The Real-Time Global Marketing: Social Entertainment Engagement panel was led by social media professionals talking about how marketing must move in real-time in order to keep up with the audience of its brands. But before diving into the discussion, the talk was preceded by some words between long-time friends Steve Ellis (CEO, WhoSay) and Larry Mills (VP, Strategic Marketing, Sony/ATV Music Publishing). “I was there when you met your wife,” the latter said to the former, whose relationship goes way back to when Ellis was a musician not interested in marketing the product, or music rather, that he was making.
WhoSay is Ellis’ latest venture, which concentrates on celebrity content and makes it easy for them, as well as influencers, to connect and engage with fans. The reasons why people utilize the services of WhoSay range from being able to control their brand to monetization of content, but the overall reason the venture started was because Ellis and his cohorts believed that there needed to be an easier way to manage these social media tools to make engagement with fans quicker and more direct.
In relation to music, Ellis said, “If you choose to be a musician today, you’re choosing to be an entrepreneur.” He views marketing as now part of the artists’ job description. Through technology, the opportunity to have an even more direct relationship with your fans is there—it’s now the responsibility of artists to run with it.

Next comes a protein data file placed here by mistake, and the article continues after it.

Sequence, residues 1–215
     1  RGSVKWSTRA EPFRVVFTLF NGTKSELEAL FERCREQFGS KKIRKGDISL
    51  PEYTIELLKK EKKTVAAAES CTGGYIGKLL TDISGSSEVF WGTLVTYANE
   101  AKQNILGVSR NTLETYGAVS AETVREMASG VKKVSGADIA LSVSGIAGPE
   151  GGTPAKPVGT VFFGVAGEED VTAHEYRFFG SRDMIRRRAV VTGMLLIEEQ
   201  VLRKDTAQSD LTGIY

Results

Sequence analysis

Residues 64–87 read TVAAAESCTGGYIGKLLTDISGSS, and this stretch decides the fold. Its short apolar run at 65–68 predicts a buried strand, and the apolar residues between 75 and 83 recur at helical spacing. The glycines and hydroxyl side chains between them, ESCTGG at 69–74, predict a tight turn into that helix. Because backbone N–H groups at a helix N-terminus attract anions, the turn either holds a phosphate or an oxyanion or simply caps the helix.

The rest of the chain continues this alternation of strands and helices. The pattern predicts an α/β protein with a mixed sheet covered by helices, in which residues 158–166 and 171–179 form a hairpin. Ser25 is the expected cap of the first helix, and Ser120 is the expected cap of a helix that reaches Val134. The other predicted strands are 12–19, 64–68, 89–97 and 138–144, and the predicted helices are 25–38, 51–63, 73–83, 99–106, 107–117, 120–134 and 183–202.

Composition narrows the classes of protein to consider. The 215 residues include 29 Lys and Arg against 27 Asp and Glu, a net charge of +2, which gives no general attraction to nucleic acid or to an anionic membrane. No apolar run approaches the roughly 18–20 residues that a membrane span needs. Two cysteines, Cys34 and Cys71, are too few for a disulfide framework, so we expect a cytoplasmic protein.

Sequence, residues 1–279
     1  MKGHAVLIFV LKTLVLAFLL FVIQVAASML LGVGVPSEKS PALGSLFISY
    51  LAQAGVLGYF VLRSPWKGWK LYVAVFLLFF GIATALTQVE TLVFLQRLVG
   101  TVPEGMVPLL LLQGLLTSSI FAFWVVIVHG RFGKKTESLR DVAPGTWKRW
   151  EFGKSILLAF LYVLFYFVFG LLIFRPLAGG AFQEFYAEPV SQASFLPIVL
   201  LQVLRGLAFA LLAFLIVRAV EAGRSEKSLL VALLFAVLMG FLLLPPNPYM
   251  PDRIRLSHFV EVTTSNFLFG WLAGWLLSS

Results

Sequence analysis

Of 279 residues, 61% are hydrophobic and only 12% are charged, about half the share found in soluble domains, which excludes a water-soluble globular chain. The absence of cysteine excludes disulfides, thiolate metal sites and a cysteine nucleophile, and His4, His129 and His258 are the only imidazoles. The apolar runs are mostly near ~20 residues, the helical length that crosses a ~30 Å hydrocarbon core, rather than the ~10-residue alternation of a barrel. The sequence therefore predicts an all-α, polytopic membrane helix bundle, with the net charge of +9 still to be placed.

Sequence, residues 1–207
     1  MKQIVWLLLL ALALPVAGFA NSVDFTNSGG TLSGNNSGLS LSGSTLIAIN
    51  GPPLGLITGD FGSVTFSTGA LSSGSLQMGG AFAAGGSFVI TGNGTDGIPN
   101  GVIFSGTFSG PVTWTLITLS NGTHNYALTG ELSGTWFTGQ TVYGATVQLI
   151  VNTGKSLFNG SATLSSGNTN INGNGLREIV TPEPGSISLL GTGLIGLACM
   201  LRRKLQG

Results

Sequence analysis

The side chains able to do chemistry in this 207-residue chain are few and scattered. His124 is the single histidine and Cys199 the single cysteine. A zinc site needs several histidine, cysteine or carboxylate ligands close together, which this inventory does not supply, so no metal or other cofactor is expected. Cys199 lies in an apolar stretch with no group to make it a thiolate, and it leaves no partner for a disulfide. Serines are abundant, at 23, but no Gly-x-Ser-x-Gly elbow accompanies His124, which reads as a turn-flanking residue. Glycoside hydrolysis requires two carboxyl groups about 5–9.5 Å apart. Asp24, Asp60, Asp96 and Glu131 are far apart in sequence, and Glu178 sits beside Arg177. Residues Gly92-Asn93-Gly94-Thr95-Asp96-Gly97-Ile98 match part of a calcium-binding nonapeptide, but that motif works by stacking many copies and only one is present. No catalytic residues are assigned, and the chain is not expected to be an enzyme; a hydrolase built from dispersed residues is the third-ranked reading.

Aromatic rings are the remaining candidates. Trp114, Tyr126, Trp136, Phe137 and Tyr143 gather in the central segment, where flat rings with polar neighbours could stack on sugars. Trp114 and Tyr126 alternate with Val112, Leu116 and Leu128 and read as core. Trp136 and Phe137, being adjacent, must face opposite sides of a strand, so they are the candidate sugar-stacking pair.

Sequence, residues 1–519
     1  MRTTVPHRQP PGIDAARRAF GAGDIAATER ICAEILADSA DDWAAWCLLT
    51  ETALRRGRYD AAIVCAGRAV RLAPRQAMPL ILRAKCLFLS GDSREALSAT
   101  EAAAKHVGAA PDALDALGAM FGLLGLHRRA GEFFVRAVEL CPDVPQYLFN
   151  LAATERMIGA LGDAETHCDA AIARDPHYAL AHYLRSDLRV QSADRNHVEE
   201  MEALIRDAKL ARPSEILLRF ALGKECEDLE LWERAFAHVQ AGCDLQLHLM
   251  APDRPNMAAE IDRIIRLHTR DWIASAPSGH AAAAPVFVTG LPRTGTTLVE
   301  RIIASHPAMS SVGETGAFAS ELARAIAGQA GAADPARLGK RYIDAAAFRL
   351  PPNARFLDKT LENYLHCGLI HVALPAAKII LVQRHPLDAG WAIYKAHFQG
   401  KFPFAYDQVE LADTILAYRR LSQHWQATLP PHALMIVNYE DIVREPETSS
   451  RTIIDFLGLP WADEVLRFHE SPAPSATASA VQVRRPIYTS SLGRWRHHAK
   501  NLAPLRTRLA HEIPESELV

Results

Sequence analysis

The panel at large discussed broader strategies and ways of real-time connection with fans. Monee Perry (Senior New Media Marketing Manager, Roc Nation) suggested that artists should engage with fans on things that they’re already doing—be it sharing photos from last night’s concert on Facebook to Tweeting that J. Cole’s mixtape is available for free online—and find ways to incentivize that. Emmanuel Zunz (CEO, ONErpm) said that artists should be prepared to give away at least one or more tracks for free when promoting an album, and Perry agreed, making sure that the product that you’re giving away is also of solid quality. Andy Ellwood (Director, Business Development, Gowalla) said he discovered that including an element of chance into the ways you reward fans has proved a successful way of keeping them “addicted” and sharing.
As Facebook becomes an even more powerful marketing tool, the panel also suggested that your “likes” matter, but what you do with that matters more. It’s important to have a high rate of engagement on a page so that your fans are sharing, liking and linking as much as possible. The new “X people are talking about this” function on Facebook will assist you in monitoring how many people are engaging with your brand or band.
Also important to note, said the panel, is being able to tailor your voice according to each platform. The way you speak and message on Facebook should be different from Twitter, which should be different from your website. “It should be a ‘talk with’ conversation, not a ‘talk to’ conversation,” said Perry.
And finally, it’s important to know your audience, especially since now it’s so much easier for artists to connect directly with their fans. The more you understand who you’re talking to, how to segment them and where they’re from/coming from, the more you’ll be able to give them what they want. This will keep them engaged and—ideally—ready to help you.